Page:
“Our Aging In Place Focus Goes Inside As Wintertime Is Not That Far Away”

Wintertime means that we spend more time inside, and aging in place needs we haven’t considered in a few months are more noticeable

We go with the seasons and prepare to help people make the most of their living environment depending on the time of year that it is. It doesn’t seem that long ago that we were bidding farewell to wintertime and welcoming the spring. Now, wintertime is back – all too quickly – and we need to begin dealing with it. In many places, the first snowfall has occurred – small and light but snowfall nonetheless.

During the warmer months, we spend a lot of time outdoors. The daylight hours are extended, the temperatures are pleasant, and there is a nice breeze. The grass, flowers, and vegetables are growing. Even if we don’t partake in any outdoor activities, we enjoy being outside and taking in the fresh air.

All the thoughts we had about the winter being over and getting to spend time outdoors gets reversed. We now begin planning for remaining largely indoors, the daylight hours being much shorter, the temperatures being quite a bit colder, and the activities centered on the indoors.

Wintertime is but upon us again. We still might have some pleasant days and an occasional above average warm day or two, but the temperatures are definitely heading down. All signs point to winter’s inevitable arrival and a change in how people use their homes. We have closed the book on almost all of 2018 so far, and it’s on to finishing it up and moving on to the new year – and that next cycle of warmer weather again.

For the next five months or so – longer in some places and a little shorter in others – winter is going to be our major concern until we can eventually say that winter is behind us again and that the temperatures are definitely getting warmer. Until the days start getting longer with the return of daylight savings time, and the transitional activities that we look forward to as marking the end to the winter have been completed (Daytona 500, spring training, spring break, March Madness, the Masters, and Easter), we are in full-blown winter.

However, in the winter, people spend much of their time indoors, so it makes sense that we focus on remodeling and aging in place projects that will help people remain safe during the extended period of time that they are indoors – with the windows closed, the heat on, abbreviated daylight hours, and frequent inclement weather.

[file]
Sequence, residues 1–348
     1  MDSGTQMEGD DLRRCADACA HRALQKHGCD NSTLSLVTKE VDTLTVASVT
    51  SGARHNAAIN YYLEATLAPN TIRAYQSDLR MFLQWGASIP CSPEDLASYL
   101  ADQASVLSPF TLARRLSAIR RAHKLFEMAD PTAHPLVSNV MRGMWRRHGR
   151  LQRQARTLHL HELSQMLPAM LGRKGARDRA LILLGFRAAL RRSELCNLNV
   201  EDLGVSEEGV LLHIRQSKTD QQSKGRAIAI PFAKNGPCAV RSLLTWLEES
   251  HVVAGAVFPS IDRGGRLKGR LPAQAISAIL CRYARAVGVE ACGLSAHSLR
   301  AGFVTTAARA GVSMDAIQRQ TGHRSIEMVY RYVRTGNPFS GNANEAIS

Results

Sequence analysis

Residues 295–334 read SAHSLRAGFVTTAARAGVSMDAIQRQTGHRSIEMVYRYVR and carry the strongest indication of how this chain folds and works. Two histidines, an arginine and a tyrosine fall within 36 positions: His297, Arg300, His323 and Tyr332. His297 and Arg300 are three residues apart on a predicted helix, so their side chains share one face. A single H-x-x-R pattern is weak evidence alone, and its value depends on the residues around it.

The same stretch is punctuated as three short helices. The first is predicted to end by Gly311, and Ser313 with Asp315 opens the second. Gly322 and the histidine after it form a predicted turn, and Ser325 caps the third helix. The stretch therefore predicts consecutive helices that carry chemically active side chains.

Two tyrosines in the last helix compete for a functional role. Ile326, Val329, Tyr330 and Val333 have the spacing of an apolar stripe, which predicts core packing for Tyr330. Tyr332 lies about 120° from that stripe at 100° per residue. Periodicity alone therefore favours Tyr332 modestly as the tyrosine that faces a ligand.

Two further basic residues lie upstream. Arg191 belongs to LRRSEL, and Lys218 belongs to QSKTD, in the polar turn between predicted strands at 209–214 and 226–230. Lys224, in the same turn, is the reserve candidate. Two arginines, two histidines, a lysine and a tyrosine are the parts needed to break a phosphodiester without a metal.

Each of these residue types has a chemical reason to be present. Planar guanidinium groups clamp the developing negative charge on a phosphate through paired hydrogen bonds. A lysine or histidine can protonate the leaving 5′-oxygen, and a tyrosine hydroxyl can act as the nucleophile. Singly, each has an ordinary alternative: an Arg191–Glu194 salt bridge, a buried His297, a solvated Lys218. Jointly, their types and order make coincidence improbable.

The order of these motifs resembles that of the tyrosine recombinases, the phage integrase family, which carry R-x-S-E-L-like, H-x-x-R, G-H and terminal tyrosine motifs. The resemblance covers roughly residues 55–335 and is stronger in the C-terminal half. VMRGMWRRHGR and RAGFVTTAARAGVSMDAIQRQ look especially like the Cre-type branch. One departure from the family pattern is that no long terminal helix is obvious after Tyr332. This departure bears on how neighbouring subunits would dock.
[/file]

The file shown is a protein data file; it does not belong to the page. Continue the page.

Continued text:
Remembering parts of the home that didn’t serve people as well as they would have liked last  winter will give us a starting point for completing projects now (weather and time permitting before the wintertime festivities take over) – especially if they involve windows, siding, roofing, foundations, basements, chimneys, or other areas of the home where the home may need to be open to the outside air for a period of time. The sooner we can begin, the better we will be in avoiding ice, really cold temperatures, and freezing conditions.

Maybe people simply ran out of time to complete them or have them started during good weather this summer and fall, or we were too busy to get the work started for them. It doesn’t mean it can’t still be completed. It’s just that the weather may be more of a factor than it would have been a few months earlier.

Nevertheless, people are going to be spending considerably more time indoors for the next few months – whether they are still working or retired. This means more cooking, TV watching, playing games, using the computer, reading, and remaining warm. The outdoors will be de-emphasized as activities – even exercise such as walking move indoors (treadmill, for instance).

As the activities move to the inside, this means that the outdoor space needs to evaluated for maintenance, safety, and potential upgrades for next season to provide people with the comfort, convenience, and accessibility they and their guests expect and desire. In addition to purely outdoor activities and pursuits, there are areas of the home that support such activities, like a cabana bath to provide access to a bathroom from the pool area or yard or a sleeping porch for those hot nights when a cooler sleeping area (or a place for afternoon and weekend naps) is desired.

As we turn our back on the warmer weather once again and focus on wintertime and what it brings, we certainly won’t have any shortage of activities to focus on for ourselves and our aging in place clients. In fact, getting it all done before it’s time to move back outside in a few months or so will be a big challenge.

Creating a safe, comfortable, and accessible environment – inside the home or outside in the yard – is a top priority for us and one that always is in style.

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